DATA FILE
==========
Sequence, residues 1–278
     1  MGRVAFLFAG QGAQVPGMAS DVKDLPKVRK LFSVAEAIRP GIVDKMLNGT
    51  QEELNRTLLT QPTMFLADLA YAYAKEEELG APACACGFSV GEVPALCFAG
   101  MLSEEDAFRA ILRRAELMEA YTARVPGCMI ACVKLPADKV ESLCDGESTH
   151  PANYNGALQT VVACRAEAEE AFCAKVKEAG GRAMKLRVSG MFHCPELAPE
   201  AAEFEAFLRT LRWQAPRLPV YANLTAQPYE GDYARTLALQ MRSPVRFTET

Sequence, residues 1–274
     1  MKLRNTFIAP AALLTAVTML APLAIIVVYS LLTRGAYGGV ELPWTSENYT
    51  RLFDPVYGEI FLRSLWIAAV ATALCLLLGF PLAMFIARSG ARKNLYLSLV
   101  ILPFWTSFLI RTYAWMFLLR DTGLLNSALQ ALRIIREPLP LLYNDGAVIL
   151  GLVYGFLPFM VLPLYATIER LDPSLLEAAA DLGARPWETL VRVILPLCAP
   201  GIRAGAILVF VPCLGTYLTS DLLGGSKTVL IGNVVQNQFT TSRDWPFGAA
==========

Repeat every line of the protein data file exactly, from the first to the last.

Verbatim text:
Sequence, residues 1–278
     1  MGRVAFLFAG QGAQVPGMAS DVKDLPKVRK LFSVAEAIRP GIVDKMLNGT
    51  QEELNRTLLT QPTMFLADLA YAYAKEEELG APACACGFSV GEVPALCFAG
   101  MLSEEDAFRA ILRRAELMEA YTARVPGCMI ACVKLPADKV ESLCDGESTH
   151  PANYNGALQT VVACRAEAEE AFCAKVKEAG GRAMKLRVSG MFHCPELAPE
   201  AAEFEAFLRT LRWQAPRLPV YANLTAQPYE GDYARTLALQ MRSPVRFTET

Sequence, residues 1–274
     1  MKLRNTFIAP AALLTAVTML APLAIIVVYS LLTRGAYGGV ELPWTSENYT
    51  RLFDPVYGEI FLRSLWIAAV ATALCLLLGF PLAMFIARSG ARKNLYLSLV
   101  ILPFWTSFLI RTYAWMFLLR DTGLLNSALQ ALRIIREPLP LLYNDGAVIL
   151  GLVYGFLPFM VLPLYATIER LDPSLLEAAA DLGARPWETL VRVILPLCAP
   201  GIRAGAILVF VPCLGTYLTS DLLGGSKTVL IGNVVQNQFT TSRDWPFGAA